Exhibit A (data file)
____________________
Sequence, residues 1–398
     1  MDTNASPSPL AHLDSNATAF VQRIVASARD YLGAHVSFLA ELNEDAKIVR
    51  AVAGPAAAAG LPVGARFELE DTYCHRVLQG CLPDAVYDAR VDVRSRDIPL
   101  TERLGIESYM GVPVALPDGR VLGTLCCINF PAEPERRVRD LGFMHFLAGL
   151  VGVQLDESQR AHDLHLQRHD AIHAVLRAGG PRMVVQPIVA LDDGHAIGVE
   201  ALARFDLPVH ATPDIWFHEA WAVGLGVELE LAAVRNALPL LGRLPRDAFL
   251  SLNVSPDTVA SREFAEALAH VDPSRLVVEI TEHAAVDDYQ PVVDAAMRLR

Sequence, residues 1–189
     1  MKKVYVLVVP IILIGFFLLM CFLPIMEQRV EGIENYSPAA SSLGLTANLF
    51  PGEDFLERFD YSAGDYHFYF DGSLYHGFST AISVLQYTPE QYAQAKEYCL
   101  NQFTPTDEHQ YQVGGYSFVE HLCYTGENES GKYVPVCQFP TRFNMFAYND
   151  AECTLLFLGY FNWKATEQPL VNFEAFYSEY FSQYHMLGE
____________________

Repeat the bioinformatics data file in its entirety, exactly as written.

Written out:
Sequence, residues 1–398
     1  MDTNASPSPL AHLDSNATAF VQRIVASARD YLGAHVSFLA ELNEDAKIVR
    51  AVAGPAAAAG LPVGARFELE DTYCHRVLQG CLPDAVYDAR VDVRSRDIPL
   101  TERLGIESYM GVPVALPDGR VLGTLCCINF PAEPERRVRD LGFMHFLAGL
   151  VGVQLDESQR AHDLHLQRHD AIHAVLRAGG PRMVVQPIVA LDDGHAIGVE
   201  ALARFDLPVH ATPDIWFHEA WAVGLGVELE LAAVRNALPL LGRLPRDAFL
   251  SLNVSPDTVA SREFAEALAH VDPSRLVVEI TEHAAVDDYQ PVVDAAMRLR

Sequence, residues 1–189
     1  MKKVYVLVVP IILIGFFLLM CFLPIMEQRV EGIENYSPAA SSLGLTANLF
    51  PGEDFLERFD YSAGDYHFYF DGSLYHGFST AISVLQYTPE QYAQAKEYCL
   101  NQFTPTDEHQ YQVGGYSFVE HLCYTGENES GKYVPVCQFP TRFNMFAYND
   151  AECTLLFLGY FNWKATEQPL VNFEAFYSEY FSQYHMLGE